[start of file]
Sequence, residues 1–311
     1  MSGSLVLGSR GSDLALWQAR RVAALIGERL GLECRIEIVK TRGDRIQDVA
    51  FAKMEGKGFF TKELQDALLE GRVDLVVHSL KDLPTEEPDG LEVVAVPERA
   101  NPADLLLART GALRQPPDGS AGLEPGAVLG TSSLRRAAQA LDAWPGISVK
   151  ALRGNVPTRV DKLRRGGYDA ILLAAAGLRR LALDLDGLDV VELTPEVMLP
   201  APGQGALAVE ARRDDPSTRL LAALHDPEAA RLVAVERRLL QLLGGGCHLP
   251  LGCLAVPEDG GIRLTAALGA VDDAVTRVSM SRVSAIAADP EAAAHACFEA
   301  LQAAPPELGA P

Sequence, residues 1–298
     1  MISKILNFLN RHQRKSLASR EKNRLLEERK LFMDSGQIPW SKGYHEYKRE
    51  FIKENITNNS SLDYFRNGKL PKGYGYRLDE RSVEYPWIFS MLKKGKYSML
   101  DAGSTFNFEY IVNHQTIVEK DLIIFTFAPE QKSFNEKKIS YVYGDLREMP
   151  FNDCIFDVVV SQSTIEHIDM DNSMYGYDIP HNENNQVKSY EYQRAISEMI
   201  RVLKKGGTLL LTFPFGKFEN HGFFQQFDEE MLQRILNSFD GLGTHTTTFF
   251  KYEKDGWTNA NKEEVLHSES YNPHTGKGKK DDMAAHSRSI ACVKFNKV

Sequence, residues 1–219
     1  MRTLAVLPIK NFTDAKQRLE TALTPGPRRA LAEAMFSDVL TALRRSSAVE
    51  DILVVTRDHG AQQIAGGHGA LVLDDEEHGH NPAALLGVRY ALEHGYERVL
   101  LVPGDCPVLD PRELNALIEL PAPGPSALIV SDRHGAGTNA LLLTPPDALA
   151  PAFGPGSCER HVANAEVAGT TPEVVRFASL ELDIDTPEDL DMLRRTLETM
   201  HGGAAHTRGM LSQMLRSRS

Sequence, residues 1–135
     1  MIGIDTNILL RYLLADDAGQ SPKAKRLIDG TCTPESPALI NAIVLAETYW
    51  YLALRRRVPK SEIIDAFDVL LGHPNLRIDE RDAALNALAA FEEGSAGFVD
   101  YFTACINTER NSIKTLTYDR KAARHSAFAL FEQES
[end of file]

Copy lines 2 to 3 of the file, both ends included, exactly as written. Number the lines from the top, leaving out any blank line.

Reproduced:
     1  MSGSLVLGSR GSDLALWQAR RVAALIGERL GLECRIEIVK TRGDRIQDVA
    51  FAKMEGKGFF TKELQDALLE GRVDLVVHSL KDLPTEEPDG LEVVAVPERA